We all know him (or her), he will do anything in his power to avoid seeing the dentist. His dentistry avoidance techniques range from procrastinating or ‘forgetting’ his appointment to extreme excuse fabrication, or even faking a cold or flu if it excuses him from his routine check-up and cleaning. This person likely suffers moderate to
severe dental anxiety or phobia and this fear can be very real and debilitating for those who suffer its psychological grip. For sufferers, just the thought of calling a dental office can be intimidating. This fear can be the result of belonephobia (fear of needles) or a previously traumatic dental experience. Whatever the cause of the fear, the reality is, almost everyone will have to see a dentist in his or her lifetime.
The good news is, there are practical solutions that can help anxious patients make their dental experiences more manageable, even enjoyable. The non invasive approaches come from caring and patient-focused dental teams. While mental illnesses are invisible to the eye, a well trained dental team should be able to spot the patients who suffer from dental phobias and offer guidance in helping patients through their treatment. Dentists can help anxious patients by communicating in easily understandable language, educating patients of their options so that they are making informed decisions, and making sure that patients consent to and fully understand their treatment plans. Patients and dentists should create a “stop” signal that indicates the patient is uncomfortable or needs a break. There are also pharmacologic options such as conscious/oral sedation whereby patients are administered sedative medications via a pill or through an IV, to alleviate the anxiety. In the extreme case, an approach of general anesthesia where patients are ‘put to sleep” for treatment may be indicated.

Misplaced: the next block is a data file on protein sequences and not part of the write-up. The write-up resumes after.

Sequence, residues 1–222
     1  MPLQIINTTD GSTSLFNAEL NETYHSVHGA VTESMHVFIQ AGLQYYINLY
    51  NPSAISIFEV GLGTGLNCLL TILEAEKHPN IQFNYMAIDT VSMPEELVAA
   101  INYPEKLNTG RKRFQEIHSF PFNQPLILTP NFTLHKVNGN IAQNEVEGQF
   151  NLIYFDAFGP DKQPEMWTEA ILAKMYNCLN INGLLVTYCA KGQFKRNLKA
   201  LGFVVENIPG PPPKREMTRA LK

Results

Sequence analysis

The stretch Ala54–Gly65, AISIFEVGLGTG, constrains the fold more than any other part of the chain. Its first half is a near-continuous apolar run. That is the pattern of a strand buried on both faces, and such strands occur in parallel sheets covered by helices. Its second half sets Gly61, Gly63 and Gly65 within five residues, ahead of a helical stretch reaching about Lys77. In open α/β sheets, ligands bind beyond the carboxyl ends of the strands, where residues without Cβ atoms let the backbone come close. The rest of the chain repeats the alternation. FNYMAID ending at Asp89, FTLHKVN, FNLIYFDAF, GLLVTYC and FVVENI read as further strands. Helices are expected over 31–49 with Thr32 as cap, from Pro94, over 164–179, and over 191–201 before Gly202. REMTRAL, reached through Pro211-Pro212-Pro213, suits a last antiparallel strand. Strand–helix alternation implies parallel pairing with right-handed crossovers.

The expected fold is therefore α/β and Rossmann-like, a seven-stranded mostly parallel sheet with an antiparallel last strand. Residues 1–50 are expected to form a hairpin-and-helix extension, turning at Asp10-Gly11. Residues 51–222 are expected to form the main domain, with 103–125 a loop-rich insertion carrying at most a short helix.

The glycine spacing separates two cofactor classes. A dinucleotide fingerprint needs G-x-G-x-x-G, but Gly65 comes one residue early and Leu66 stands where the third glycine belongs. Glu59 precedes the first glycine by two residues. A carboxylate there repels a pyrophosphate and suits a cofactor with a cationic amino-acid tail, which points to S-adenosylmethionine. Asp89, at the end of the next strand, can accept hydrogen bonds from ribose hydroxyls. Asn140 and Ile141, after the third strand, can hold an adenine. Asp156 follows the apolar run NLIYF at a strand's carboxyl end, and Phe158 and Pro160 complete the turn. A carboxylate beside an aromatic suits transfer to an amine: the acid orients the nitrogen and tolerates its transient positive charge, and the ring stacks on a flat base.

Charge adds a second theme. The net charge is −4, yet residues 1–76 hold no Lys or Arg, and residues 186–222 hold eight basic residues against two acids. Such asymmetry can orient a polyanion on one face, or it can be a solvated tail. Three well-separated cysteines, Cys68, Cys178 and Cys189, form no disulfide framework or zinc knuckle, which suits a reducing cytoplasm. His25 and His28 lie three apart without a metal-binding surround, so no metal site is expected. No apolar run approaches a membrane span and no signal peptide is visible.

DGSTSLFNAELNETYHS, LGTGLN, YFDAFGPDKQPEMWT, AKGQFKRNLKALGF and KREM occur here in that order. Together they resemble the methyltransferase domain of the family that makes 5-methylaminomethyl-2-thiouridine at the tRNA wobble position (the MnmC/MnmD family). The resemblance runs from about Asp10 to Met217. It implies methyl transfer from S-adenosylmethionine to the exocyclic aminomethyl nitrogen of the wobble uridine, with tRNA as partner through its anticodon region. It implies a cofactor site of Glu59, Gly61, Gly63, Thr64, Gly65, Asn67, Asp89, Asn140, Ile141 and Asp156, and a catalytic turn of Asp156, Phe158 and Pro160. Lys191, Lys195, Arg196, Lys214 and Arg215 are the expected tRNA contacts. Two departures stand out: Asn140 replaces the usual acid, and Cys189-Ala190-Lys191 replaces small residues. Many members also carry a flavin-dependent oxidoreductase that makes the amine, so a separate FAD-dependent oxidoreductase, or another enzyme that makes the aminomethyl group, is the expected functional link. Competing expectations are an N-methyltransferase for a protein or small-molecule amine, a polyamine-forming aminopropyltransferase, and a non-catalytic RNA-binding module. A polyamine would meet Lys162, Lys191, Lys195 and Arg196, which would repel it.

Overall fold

Remember, dentists are not mind readers, usually, and it is important if you have dental fears to identify what those fears are and communicate them to your dentist. Open communication will help your dentist know what your concerns are so that a plan can be put in place to help manage anxiety. A good dentist will listen, take your fears
seriously and offer choices that help you have the most pleasant dental experience possible.